What Is a Power of Attorney?
A power of attorney is simply a document giving another person (the agent) the legal authority to represent you and act on your behalf. This is necessary when a third person is asked to rely on that authority. In financial matters, this third party could be a bank, utility company, securities and investment broker, insurance company, mortgage lender, a company that provides materials or services to a business you own, or, numerous other individuals, business entities or government agencies with whom you conduct personal or professional business. In the case of health care matters, this third party could be various types of health care providers, such as doctors, hospitals, physical therapists, dentists and home health agencies.
Of course, a power of attorney is not necessary every time someone does something for you. For example, if you ask a friend to get a gallon of milk for you from the supermarket, your friend can do it without a power of attorney. He or she will be paying for it at the time of purchase, and the grocer has no concern about your arrangement.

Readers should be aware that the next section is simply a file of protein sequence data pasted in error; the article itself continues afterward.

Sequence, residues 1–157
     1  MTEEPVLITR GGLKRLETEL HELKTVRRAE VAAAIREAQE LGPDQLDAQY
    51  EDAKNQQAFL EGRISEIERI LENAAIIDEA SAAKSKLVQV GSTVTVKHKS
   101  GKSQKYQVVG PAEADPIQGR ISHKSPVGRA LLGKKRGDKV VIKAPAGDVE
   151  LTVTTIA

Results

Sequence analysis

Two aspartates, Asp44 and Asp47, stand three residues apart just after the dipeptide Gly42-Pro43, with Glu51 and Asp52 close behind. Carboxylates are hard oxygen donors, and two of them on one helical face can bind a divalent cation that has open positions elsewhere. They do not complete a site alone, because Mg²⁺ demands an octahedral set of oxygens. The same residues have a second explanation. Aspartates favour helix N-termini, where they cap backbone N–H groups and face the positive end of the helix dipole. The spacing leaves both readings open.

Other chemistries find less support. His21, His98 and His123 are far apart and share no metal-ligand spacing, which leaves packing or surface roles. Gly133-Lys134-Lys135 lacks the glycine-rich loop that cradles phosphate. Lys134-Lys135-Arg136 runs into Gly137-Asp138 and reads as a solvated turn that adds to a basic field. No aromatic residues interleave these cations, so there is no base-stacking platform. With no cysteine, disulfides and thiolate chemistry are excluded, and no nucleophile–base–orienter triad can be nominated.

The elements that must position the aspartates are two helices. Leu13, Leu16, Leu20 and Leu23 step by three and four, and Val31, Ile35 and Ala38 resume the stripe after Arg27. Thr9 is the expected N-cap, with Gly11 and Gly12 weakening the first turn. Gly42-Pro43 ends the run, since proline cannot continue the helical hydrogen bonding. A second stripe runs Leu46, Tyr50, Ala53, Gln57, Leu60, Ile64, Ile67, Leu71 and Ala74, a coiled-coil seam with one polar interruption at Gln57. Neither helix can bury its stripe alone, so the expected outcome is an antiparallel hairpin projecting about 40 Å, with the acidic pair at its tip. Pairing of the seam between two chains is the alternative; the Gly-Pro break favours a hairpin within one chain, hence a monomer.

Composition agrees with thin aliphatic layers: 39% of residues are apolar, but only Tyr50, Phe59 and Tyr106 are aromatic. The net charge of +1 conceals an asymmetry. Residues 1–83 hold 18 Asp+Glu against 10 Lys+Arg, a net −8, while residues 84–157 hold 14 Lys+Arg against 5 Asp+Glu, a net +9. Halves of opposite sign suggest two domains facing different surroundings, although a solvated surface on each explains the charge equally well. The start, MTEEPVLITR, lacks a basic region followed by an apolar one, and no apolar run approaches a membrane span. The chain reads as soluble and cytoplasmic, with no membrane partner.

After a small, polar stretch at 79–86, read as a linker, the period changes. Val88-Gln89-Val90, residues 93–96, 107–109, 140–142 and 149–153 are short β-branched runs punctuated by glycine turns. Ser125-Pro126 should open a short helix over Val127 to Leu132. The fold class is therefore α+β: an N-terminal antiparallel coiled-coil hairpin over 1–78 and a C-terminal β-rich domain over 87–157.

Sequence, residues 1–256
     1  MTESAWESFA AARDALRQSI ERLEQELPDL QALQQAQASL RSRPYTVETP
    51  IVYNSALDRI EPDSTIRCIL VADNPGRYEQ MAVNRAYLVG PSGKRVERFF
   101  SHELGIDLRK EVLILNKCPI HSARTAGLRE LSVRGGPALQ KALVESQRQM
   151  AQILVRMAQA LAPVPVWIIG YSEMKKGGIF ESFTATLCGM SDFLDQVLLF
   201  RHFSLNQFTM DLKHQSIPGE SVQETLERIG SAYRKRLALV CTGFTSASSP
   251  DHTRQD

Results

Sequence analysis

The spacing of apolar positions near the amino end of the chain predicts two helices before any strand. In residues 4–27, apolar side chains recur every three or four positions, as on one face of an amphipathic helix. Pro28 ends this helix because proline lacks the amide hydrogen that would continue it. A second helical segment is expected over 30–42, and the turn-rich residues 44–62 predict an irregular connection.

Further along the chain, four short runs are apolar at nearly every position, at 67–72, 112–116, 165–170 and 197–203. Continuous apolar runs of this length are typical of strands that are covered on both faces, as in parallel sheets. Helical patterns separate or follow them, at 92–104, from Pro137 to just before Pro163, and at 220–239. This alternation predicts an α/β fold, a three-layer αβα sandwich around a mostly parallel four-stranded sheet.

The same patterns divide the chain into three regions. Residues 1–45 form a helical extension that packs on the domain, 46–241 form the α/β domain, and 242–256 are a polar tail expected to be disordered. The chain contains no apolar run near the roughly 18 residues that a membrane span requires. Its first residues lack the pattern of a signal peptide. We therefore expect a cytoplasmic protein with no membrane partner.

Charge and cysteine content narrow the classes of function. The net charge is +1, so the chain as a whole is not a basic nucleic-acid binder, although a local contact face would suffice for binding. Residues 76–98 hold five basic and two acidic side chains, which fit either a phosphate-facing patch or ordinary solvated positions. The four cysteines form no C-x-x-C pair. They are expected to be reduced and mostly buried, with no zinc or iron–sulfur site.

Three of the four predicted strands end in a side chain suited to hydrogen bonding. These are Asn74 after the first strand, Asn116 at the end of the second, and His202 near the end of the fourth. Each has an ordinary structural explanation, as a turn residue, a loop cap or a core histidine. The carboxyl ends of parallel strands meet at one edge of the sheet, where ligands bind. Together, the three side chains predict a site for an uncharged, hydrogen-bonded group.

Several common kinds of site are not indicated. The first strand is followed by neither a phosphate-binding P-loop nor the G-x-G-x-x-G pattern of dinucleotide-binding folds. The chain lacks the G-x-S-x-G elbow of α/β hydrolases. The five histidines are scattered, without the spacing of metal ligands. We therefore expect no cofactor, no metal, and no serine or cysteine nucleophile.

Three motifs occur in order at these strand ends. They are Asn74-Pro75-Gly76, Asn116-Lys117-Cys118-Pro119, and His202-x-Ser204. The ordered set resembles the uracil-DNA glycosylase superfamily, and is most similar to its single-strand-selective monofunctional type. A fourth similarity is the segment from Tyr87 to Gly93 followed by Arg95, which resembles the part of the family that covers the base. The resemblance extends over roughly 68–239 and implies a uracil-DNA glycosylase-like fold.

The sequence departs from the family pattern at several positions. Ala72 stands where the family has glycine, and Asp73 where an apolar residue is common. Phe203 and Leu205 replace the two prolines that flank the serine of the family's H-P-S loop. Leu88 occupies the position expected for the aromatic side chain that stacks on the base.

It is an entirely different matter, however, if you ask your friend to go to your bank and borrow $5,000 in your name. The bank will want to be sure that you are legally obligated to repay the loan, and it will not just take your friend's word for it. The bank will want to protect itself so it will require some kind of proof that you have authorized your friend to obligate you to repay the money. A power of attorney could provide the bank with the assurance it needs.